Donating to your favorite charity is always a great way to give back to the community and show support for a worthy cause.
A donation can be described as a gift of money, time or property to another entity, without receiving anything in return. While a donation is defined by its selflessness, there are benefits to donating to a charity or nonprofit organization.
Deducting charitable donations from your annual taxes can help you save money by lowering your taxable income. Depending on your income level, and other contributing factors, you can deduct between 20 to 50 percent of your adjusted gross income in charitable donations. This can lower your annual tax rate and put money back in your pocket. This extra cash can be invested and used to help more charities in the future.
There are certain rules that apply to charitable donations and specific requirements for each donation. You can only claim charitable donations if you itemize your deductions instead of opting for the standard deduction. The standard deduction for a single person filing in 2018 is $12,000. This means you would have to claim over $12,000 in deductions to qualify for itemized deductions. All applicable donations must be made by the end of the tax year to qualify.
Before you donate to an organization, cause or charity, it is important to know the limitations. Only certain types of donations are eligible and only qualified institutions can receive them. Below are the three main factors to consider when donating.
If you exceed your maximum of 50 percent in charitable donations, you can roll any surplus donations into future years to be used in other returns. Further restrictions may apply and only donations that were marked to be used over several years can be rolled.
The limitations placed on how many charitable donations you can deduct each year depends on the type of donation given and the overall donation amount. Generally, you can deduct up to 50 percent for your adjusted gross income each year. If you do not qualify for itemized deductions you cannot benefit from the charitable donations you make. The standard deduction limits for 2018 are as followings.
If you are in a higher tax bracket, a large charitable deduction will help lower your taxable income. Typically, these larger donations help those who are in higher tax brackets. This does not mean you should not make charitable donations if you have a low income. You may want to consider donating your time rather than your funds earlier in your career. Donating your time earlier in life when your income is lower will allow you to save money and donate funds later in life when you can receive the benefits.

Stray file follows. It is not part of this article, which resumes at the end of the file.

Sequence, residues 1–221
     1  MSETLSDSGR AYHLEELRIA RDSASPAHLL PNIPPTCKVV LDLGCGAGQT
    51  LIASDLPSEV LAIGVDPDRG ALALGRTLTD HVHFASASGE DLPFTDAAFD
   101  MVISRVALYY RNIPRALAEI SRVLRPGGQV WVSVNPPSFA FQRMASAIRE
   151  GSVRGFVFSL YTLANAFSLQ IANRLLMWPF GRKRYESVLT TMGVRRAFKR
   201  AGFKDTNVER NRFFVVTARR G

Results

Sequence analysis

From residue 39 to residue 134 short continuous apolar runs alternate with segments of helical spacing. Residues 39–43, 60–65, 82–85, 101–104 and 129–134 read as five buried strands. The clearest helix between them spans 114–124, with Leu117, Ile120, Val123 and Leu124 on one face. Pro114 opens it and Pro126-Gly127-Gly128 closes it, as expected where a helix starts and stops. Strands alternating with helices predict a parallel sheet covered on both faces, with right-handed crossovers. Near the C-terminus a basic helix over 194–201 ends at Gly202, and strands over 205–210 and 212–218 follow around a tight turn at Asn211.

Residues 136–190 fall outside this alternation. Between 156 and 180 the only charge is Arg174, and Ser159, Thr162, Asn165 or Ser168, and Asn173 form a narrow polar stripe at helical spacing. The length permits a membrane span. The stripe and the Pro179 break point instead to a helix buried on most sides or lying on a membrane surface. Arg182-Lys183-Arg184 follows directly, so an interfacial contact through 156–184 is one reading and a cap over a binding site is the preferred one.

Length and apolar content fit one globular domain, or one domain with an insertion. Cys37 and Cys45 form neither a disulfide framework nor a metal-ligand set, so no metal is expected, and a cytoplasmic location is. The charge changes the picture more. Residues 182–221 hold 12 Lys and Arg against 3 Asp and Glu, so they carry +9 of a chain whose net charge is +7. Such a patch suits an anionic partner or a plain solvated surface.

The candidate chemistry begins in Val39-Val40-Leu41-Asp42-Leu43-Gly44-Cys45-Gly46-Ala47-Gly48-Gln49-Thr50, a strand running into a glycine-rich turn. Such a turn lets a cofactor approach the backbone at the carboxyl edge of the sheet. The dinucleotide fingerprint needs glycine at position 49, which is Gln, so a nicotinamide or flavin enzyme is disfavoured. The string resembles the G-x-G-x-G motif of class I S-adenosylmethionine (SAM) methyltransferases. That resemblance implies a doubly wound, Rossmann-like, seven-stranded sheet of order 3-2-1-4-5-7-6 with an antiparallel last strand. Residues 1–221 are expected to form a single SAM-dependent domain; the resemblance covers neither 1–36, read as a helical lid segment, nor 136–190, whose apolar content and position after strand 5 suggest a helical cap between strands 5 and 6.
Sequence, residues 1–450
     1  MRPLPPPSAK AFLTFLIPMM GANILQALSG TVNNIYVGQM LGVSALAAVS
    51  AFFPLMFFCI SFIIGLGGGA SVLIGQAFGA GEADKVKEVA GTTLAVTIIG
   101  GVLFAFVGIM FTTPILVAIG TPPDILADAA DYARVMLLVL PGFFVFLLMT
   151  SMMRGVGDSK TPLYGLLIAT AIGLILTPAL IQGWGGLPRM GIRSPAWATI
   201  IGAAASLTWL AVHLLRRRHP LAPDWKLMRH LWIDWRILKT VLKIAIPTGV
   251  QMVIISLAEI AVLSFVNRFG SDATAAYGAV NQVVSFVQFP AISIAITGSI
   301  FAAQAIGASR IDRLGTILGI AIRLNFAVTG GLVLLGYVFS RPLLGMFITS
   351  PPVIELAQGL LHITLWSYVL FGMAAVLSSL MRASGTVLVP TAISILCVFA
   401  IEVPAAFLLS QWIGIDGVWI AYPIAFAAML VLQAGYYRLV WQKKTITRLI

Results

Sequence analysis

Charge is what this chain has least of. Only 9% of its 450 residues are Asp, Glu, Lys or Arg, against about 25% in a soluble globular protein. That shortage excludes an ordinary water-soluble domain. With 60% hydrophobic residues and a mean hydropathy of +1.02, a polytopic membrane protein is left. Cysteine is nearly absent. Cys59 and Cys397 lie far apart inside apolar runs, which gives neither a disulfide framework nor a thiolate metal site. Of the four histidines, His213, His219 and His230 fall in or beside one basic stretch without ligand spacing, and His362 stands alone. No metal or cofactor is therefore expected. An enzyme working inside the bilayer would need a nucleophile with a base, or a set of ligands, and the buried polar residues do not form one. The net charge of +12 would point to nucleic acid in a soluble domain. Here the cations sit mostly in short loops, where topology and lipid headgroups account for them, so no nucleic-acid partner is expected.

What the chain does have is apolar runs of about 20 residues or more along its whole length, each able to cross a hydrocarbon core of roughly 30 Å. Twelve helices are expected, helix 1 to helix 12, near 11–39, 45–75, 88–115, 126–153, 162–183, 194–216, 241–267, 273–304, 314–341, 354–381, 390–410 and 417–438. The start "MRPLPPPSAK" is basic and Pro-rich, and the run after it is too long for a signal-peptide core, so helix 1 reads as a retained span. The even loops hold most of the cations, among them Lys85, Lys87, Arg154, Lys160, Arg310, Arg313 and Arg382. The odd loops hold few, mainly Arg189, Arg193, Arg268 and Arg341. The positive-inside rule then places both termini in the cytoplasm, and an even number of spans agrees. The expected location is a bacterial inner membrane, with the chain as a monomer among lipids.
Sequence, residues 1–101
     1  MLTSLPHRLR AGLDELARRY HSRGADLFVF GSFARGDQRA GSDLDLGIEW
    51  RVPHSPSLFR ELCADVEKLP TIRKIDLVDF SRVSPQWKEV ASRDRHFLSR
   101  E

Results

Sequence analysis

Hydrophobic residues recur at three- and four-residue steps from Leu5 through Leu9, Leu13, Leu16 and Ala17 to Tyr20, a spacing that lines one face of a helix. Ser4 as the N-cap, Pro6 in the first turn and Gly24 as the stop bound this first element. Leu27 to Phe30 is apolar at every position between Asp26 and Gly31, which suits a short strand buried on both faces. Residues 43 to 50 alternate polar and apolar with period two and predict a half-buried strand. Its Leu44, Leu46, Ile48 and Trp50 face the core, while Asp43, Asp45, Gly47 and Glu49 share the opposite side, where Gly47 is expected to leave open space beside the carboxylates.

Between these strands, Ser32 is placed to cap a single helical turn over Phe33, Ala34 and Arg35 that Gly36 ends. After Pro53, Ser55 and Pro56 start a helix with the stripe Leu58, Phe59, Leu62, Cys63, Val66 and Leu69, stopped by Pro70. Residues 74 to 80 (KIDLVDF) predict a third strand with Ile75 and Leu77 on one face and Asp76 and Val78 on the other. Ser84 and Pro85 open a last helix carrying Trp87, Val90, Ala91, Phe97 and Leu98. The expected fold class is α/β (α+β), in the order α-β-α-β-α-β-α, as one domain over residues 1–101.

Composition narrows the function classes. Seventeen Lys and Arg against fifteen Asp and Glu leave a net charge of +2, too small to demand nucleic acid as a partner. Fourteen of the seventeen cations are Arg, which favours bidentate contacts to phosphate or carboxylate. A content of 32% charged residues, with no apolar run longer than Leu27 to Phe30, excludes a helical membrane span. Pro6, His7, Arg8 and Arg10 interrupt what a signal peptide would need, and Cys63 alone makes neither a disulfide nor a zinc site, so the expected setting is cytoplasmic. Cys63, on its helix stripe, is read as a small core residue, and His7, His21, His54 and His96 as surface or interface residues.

Reaching the itemized deduction limit is not always possible. There are options to bundle your donations and extend their lifespan to cover a few years. Similar to the way excessive donations can be rolled, these bundles can also be used to benefit you in future years.
There are more direct ways you can receive financial benefits through donations to charitable causes. These additional techniques can provide an income for the donor and even avoid income tax altogether.
A Charitable remainder trust is funded by assets, which are then invested. These investments come with tax breaks, which helps lower your taxable income. The investments in the trust also produce a steady income. After your death, the remaining funds are donated to a charity.
Charitable gift annuities work very similarly. An initial donation is made into an investment fund set up by a nonprofit organization. Depending on eligibility, this initial donation may be tax deductible. The annuity pays the recipient an income and upon death, releases the remaining funds to the nonprofit.
In some cases, you can use donated stocks to fund these annuities.
Retirement plan distributions can also provide some tax benefits. If you are over 70 and a half years old and are taking the minimum distribution on your retirement plan, you can donate a withdrawal to a qualified charity. You are not required to pay income tax on these donated distributions. If you are planning on donating money to a charity, sending your distribution payment before you have withdrawn it will avoid the tax you would have paid if the funds were withdrawn and then donated. There is a donation limit of $100,000 of retirement distributions each year.
Stocks that are donated to qualified charities are tax-deductible and also avoid capital gains tax. Similar to retirement distributions, the cost of donating the stock is lower than if you sold the asset and donated the proceeds. If you are in a higher tax bracket, this option would save you more money as the sale of any stock would be subject to higher capital gains tax. Lower limits apply to these types of donations. Generally, only 30 percent of your adjusted gross income in stock donations can be deducted.